To be frank, the duration of my United States-based life has been spent living in two big bubbles—one at an in-the-middle-of-the-woods prep school in New Hampshire and one in the so-called “ivory tower” at Yale. Although I was registered to vote in both locations, I never had much of an awareness of what was going on in the community. Before this, I spent over ten years of my life as an expatriate, flitting from country to country, from school to school. Thinking back, it is clear that I was isolated from the broader communities in which I lived.
Part of this lack of civic participation was that I had no stake in the community around me. I was never settled. Roots could never sink in. Furthermore, while at school in the US, I could easily live a self-contained life within the metaphorical walls of campus.
But now—now, I have a stake in helping my students achieve. I’m setting up shop in the community and doing my part in bringing down the once-towering walls of community disengagement. It’s working—quickly.
I think the nuances of my story also show that academic examinations—such as this recent “study” done analyzing Teach For America graduates and civic participation—cannot have the final say about the impact that the Teach For America experience has on its corps members.
The simple publicized “conclusion” is that Teach For America alumni lack the levels of civic participation than those who dropped out or declined acceptance. The single major flaw is that the study focused entirely on those who had been “touched” by TFA. There are three sub-flaws that stem from this:
- First, the study does not explicitly point out that all of these subgroups have a significantly higher level of civic participation relative to the average American—about double.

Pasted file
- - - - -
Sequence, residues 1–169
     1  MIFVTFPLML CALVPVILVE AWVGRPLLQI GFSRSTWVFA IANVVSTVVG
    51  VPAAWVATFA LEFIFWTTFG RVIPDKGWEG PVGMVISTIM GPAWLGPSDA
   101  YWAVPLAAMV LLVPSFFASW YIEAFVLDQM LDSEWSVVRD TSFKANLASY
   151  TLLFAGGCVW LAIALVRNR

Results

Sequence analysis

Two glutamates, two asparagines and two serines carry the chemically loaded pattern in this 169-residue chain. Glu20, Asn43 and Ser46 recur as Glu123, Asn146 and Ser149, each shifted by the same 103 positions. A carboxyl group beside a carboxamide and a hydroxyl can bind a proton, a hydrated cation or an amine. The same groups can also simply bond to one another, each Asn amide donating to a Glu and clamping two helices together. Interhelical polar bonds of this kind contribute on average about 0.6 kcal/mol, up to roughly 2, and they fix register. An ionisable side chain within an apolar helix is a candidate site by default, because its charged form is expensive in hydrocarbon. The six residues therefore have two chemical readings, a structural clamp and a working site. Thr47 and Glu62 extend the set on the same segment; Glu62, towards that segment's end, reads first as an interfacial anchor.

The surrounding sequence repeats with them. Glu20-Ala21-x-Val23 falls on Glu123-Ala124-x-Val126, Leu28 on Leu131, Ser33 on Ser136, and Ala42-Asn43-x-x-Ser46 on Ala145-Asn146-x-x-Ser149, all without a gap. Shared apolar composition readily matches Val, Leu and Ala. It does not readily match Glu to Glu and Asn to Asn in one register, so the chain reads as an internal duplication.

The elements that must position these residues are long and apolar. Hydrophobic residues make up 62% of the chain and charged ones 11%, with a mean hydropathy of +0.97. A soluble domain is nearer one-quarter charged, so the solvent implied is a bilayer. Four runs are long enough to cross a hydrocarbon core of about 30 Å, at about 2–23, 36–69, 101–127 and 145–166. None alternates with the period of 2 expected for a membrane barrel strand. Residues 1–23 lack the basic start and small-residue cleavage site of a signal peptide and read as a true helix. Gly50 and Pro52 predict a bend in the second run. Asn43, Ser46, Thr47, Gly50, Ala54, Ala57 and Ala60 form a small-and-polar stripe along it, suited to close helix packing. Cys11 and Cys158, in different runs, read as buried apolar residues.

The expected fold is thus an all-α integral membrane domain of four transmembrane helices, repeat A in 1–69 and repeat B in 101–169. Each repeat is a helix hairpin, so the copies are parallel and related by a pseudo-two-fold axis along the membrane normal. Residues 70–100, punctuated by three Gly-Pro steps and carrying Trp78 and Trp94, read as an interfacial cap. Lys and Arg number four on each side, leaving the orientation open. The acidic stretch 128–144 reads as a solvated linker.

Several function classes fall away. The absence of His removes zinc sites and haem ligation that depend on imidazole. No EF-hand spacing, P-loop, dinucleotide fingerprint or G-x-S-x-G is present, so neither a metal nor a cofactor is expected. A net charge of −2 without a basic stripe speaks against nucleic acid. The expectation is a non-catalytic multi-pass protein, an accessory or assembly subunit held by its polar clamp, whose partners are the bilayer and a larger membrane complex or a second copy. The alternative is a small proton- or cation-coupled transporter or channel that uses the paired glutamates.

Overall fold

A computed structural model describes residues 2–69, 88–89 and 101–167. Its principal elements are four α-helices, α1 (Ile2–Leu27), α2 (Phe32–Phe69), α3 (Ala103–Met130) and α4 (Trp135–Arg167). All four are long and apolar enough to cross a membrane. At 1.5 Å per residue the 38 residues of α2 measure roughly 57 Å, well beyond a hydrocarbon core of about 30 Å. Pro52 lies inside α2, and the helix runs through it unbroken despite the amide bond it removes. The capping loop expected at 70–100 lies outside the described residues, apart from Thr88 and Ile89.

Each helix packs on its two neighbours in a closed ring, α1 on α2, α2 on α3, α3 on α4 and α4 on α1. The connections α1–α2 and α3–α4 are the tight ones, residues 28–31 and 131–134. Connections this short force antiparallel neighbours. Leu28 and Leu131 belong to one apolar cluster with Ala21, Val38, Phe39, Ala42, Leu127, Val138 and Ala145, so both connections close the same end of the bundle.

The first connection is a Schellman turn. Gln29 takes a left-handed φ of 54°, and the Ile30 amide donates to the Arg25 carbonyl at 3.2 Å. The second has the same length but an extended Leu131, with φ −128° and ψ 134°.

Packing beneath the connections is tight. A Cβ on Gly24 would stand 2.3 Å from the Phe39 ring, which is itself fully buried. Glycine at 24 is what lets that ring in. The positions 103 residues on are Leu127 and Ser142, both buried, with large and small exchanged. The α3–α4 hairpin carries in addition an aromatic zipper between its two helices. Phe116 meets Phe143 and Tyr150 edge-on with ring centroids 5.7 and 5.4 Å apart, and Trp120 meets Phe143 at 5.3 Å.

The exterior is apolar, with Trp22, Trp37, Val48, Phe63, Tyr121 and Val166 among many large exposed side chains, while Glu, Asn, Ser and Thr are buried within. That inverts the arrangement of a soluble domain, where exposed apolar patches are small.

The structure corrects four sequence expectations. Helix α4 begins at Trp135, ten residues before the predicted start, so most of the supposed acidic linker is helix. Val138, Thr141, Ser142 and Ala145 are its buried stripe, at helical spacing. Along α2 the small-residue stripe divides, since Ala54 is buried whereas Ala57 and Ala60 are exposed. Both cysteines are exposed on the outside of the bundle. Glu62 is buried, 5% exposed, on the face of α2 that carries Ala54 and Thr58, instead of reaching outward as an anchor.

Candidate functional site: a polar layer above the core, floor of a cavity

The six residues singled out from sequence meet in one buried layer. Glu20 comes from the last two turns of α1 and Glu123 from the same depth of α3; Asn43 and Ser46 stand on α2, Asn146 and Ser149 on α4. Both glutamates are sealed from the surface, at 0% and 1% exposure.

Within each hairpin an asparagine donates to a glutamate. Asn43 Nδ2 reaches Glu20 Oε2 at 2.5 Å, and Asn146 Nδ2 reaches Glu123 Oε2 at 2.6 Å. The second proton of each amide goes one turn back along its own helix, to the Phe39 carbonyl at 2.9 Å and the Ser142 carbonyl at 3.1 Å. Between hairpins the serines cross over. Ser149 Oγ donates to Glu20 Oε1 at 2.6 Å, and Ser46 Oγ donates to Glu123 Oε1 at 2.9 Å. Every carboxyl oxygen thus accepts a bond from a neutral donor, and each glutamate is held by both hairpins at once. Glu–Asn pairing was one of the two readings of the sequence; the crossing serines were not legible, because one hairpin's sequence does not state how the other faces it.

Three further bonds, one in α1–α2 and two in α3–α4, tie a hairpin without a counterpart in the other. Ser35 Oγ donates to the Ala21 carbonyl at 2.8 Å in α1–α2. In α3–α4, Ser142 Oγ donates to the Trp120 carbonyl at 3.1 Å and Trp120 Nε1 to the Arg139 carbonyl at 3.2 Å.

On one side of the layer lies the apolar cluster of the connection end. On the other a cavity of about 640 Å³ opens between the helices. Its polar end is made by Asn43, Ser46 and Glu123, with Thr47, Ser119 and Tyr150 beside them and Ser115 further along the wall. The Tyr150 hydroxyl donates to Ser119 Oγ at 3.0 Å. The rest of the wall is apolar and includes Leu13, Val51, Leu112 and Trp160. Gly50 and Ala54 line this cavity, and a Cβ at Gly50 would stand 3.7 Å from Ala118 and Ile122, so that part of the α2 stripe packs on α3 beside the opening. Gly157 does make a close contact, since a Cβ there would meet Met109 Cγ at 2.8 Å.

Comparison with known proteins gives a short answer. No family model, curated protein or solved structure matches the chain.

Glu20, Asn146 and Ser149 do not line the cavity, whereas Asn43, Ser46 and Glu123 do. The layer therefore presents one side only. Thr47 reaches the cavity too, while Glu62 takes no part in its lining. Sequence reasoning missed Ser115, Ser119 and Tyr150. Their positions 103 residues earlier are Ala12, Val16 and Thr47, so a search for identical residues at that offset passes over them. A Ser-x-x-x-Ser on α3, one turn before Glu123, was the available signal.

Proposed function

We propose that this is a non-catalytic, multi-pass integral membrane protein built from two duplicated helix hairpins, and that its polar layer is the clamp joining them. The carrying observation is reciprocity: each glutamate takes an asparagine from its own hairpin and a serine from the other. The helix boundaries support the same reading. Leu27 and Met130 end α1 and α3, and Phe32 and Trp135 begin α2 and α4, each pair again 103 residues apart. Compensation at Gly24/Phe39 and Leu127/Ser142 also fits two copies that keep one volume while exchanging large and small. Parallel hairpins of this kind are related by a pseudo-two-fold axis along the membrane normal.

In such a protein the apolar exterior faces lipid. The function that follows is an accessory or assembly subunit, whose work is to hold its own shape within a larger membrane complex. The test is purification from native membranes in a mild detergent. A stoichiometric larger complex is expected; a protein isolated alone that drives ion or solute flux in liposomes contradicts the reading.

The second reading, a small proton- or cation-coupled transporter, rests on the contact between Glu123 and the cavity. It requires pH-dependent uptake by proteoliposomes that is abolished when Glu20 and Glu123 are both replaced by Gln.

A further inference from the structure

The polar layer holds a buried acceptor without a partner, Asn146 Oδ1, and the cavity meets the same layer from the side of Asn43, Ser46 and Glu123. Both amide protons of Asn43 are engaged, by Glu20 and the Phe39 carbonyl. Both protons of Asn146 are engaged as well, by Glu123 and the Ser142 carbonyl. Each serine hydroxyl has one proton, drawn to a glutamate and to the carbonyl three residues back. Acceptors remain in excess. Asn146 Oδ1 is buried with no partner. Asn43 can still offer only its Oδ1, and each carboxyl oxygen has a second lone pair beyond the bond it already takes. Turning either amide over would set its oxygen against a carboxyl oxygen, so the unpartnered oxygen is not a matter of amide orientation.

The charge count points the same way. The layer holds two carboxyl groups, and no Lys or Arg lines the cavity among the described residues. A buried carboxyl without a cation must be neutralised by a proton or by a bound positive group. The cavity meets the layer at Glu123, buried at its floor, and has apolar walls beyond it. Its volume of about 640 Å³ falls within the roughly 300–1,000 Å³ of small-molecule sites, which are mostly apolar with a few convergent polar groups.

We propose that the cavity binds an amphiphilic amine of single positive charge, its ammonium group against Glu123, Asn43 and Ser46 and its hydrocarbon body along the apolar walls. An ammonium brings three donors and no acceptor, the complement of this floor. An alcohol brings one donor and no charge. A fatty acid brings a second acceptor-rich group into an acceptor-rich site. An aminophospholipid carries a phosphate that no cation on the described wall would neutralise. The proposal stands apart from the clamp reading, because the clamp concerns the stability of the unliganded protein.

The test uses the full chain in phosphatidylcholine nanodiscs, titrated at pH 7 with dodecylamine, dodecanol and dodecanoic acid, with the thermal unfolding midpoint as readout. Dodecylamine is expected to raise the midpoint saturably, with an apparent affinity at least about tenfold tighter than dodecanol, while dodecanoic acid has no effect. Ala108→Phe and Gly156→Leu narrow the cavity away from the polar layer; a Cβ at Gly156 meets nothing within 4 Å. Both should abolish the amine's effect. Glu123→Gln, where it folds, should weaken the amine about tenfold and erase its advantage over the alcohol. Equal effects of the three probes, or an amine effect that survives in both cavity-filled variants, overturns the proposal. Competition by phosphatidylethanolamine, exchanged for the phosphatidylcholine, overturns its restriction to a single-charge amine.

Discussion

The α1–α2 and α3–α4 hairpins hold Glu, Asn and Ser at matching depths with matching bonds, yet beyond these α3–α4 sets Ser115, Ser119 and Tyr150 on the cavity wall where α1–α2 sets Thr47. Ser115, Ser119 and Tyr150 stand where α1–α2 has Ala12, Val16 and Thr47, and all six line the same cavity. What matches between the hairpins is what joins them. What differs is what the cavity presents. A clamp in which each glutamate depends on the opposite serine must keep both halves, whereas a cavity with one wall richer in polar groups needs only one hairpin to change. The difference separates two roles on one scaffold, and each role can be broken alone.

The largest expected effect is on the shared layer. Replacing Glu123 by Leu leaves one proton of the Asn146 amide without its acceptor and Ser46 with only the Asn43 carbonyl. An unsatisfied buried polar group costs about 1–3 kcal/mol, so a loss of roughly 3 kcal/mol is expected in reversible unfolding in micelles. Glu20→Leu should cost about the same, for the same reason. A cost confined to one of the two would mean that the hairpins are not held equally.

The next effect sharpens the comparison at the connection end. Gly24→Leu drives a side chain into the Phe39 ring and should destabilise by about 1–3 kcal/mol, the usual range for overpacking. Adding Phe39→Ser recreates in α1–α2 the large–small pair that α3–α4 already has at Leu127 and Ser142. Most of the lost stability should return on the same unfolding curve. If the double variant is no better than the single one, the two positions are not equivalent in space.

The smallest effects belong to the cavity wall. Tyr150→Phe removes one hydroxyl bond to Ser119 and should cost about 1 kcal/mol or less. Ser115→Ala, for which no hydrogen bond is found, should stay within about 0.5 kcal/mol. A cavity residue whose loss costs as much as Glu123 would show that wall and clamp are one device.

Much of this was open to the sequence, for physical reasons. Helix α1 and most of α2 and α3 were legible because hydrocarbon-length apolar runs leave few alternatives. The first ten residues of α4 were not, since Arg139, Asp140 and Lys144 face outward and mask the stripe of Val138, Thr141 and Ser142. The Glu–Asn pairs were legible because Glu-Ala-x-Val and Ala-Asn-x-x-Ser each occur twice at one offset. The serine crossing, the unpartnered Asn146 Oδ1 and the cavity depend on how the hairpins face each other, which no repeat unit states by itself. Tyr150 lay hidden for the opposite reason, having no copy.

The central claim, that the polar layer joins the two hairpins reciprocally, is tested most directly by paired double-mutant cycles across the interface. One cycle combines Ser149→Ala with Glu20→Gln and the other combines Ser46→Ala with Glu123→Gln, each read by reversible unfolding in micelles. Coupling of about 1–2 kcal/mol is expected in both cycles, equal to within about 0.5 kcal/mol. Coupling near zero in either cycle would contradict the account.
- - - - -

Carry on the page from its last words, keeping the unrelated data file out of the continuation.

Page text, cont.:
- Second, the difference between the alumni and non-alumni was questionable at times: “while 92 percent of the sample overall voted in the last presidential election, only 89 percent of TFA completers did.”
- Third, by not finding a way to measure education-specific civic participation—“educational civic engagement”—the researchers didn’t do nearly enough to accurately measure the impact that TFA has in this sphere.
Flaws of the study’s widely-reported conclusions aside, I can provide one anecdotal explanation for why I think the TFA experience promotes—and doesn’t reduce—civic engagement:
The public education system is intricately connected with every other aspect of public life and politics (not the most breathtaking discovery, but one that I’ve made recently—late, for sure). TFA involvement heightens alumni’s awareness of this interrelationship, which in turn pushes up civic engagement overall. I wish I had the statistical “evidence” to back up this anecdotal statement, but I don’t. Although it is important to press for education reform in the education world, change must be achieved in other spheres too. Positive change in our schools requires political will; but it also requires efficiently-allocated resources, wise social policies, a strong health care system and effective laws. All agencies and institutions must work hand in hand.
Thus, solving our educational crisis will require advocates across the spectrum. I believe that most criticisms of TFA claiming that it is wrong for TFA teachers to leave, after 2 years, by revolving door are foolish and short-sighted. Spread the word!
A final note: three other DC TFA CMs (my roommate who teaches middle school math in PG County and two friends, who teach MS and HS English at two different DC charter schools), an AU MPP student (coincidentally, someone who was accepted by TFA but declined) and I entered the DCPS Urban Education Redesign Challenge. The initial notification date for finalists was supposed to be today, but “due to the high volume of applications submitted,” they’re delaying one week. I can guarantee you that I would not have gotten involved with something like this if I weren’t a TFA teacher. I’m excited by the idea of considering one challenge (of the many) facing DCPS.